It seems many people have found their way of releasing frustration, from this fake war, unemployment, electricity crisis, corruption and many many other issues, by damaging public and private property in the name of their love of Prophet (S.A.W). If these idiots want to show their anger on other issues then they should not use the name of Islam of Prophet (S.A.W) and if it is about Islam then this type of violence, attacks on embassies/diplomats and damage to civilian property is not taught by Islam.
Attacks on ambassadors and diplomats are not allowed. Even the ambassadors of worst enemies of Prophet (S.A.W) were not harmed by Prophet (S.A.W) or Sahaba (R.A). What sort of love of Prophet (S.A.W) that people are clearly violating his teachings in the name of the religion he preached. If people have issues with war or foreign policies then they shouldn’t do it at least in the name of religion or the love of Prophet (S.A.W). Even in the war case, Islam doesn’t allow attacks on diplomats.
It seems all this anger is not just about a rubbish movie but the movie has worked like a spark to ignite the fuel. We should not let these morons who made such films to do things which are against Islam and the teachings of Prophet (S.A.W) and that too in the name of Islam.
Recent reports of violence from all over the Muslims world and today in Pakistan on the day of Yaum e Ishq e Rasool (S.A.W) are not very helpful in spreading the right message of Islam. The way people are protesting, it seems they are more interested in looting and plundering the wealth of others than showing any love for the Prophet (S.A.W). I condemn such violence in the name of religion especially in the name of a religion which doesn’t allow such actions.
We condemn the movie against Prophet Muhammad (S.A.W); We also condemn the murder of un armed diplomats in Libya
Freedom of speech should come with sense of exercising responsibility. If people cannot tolerate that their parents, children or relatives are insulted in public then how can they demand Muslims to tolerate any thing insulting towards a personality who is many times more respectable than parents. But protestors should also know that violent protests are not a way to protest and what happened in Libya is also against Islam. It seems some pro-war lobby ignited the fire to fuel more hatred and clashes between civilizations. We should not fall into their traps and the best way I find is to simply ignore these retards or if some people want to protest then they should keep it peaceful.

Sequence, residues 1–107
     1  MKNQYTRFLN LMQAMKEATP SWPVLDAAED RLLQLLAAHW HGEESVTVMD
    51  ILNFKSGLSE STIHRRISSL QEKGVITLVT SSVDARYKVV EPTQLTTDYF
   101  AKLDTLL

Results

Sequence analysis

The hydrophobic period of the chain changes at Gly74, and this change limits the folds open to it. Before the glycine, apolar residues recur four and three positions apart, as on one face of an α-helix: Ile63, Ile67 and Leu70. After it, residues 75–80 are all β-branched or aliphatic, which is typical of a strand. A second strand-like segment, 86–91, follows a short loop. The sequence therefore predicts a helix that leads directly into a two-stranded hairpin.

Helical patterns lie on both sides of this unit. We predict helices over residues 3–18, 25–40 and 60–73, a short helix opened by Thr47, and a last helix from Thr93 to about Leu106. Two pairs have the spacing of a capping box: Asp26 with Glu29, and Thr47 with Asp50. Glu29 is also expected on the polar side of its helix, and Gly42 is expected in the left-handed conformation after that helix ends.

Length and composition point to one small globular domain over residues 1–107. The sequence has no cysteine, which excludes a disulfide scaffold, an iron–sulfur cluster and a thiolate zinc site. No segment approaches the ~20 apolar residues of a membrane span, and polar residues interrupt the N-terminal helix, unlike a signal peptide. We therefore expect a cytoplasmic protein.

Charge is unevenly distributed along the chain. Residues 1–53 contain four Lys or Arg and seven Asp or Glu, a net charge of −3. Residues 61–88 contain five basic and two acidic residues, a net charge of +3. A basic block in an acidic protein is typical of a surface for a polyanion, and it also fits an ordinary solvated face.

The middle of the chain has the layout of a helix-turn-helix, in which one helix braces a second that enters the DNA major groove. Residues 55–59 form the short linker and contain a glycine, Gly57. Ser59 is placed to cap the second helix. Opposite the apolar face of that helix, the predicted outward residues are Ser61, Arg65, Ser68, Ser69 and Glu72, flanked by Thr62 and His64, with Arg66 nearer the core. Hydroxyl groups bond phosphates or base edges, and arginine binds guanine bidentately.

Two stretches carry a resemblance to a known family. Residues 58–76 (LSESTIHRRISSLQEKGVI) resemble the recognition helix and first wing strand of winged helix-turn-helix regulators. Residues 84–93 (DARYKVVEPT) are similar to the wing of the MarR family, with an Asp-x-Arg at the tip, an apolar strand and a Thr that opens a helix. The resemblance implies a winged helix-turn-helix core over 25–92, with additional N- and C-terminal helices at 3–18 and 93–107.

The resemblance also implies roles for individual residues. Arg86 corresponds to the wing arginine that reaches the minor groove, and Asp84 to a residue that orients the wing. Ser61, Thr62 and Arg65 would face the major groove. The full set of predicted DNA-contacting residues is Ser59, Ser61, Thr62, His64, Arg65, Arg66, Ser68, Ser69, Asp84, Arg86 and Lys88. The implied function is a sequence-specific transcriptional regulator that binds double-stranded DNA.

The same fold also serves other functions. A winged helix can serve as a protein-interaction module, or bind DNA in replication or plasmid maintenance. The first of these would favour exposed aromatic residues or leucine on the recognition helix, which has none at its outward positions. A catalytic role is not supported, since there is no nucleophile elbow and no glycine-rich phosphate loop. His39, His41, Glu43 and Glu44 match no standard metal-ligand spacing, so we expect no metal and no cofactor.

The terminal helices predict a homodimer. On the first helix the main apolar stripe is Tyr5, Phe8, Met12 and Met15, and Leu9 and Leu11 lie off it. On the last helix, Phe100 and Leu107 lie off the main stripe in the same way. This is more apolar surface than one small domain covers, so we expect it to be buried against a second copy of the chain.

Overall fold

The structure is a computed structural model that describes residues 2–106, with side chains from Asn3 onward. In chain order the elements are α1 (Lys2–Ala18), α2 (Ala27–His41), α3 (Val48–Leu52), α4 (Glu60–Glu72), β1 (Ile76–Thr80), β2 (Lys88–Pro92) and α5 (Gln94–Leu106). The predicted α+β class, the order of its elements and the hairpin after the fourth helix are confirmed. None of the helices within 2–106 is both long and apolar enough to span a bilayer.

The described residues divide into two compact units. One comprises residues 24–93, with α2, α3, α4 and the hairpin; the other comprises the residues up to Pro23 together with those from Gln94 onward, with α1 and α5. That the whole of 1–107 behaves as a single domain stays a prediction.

The attack on Libyan embassy and brutal murder of an unarmed ambassador is totally against Islam. Shame on those who did this. If the protest was against the insult of Islam then this action has brought more insult than the video. We should show discomfort at the promotion of hatred among different religions and cultures but without committing more hate actions during the protests. The best way to condemn the work of those film makers is not to fall into their trap of creating more clashes among religions. Reacting violently to the actions of some moron is like playing in their hands. No matter how much these evil minds try to insult Prophet (S.A.W), they will not be able to reduce his stature as the most respectable human being of all times.
We condemn the movie against Prophet Muhammad (S.A.W). We also condemn the murder of unarmed diplomats in Libya.
Few days ago I shared a news from UN website regarding forced conversion. Here is the other side of the story. Case is in Sind High Court, hopefully there will be a fair decision
by Sarfaraz Memon (Express Tribune)
SUKKUR: Faryal Shah (Rinkle Kumari) appeared before the media on Thursday and made it clear that she had not been kidnapped and had not been forced to convert to Islam and marry Naveed Shah.